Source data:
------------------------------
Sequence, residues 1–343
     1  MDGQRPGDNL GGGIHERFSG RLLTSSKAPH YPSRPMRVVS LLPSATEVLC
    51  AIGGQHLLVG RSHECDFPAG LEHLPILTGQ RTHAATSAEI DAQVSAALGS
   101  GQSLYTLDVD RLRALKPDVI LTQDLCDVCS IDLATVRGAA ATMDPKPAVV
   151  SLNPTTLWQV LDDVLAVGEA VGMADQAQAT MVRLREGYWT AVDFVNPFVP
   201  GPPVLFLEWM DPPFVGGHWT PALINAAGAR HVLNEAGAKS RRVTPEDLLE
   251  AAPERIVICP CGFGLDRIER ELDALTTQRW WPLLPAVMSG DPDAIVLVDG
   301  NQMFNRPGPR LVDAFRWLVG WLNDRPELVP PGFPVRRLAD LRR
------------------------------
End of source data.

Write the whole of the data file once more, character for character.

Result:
Sequence, residues 1–343
     1  MDGQRPGDNL GGGIHERFSG RLLTSSKAPH YPSRPMRVVS LLPSATEVLC
    51  AIGGQHLLVG RSHECDFPAG LEHLPILTGQ RTHAATSAEI DAQVSAALGS
   101  GQSLYTLDVD RLRALKPDVI LTQDLCDVCS IDLATVRGAA ATMDPKPAVV
   151  SLNPTTLWQV LDDVLAVGEA VGMADQAQAT MVRLREGYWT AVDFVNPFVP
   201  GPPVLFLEWM DPPFVGGHWT PALINAAGAR HVLNEAGAKS RRVTPEDLLE
   251  AAPERIVICP CGFGLDRIER ELDALTTQRW WPLLPAVMSG DPDAIVLVDG
   301  NQMFNRPGPR LVDAFRWLVG WLNDRPELVP PGFPVRRLAD LRR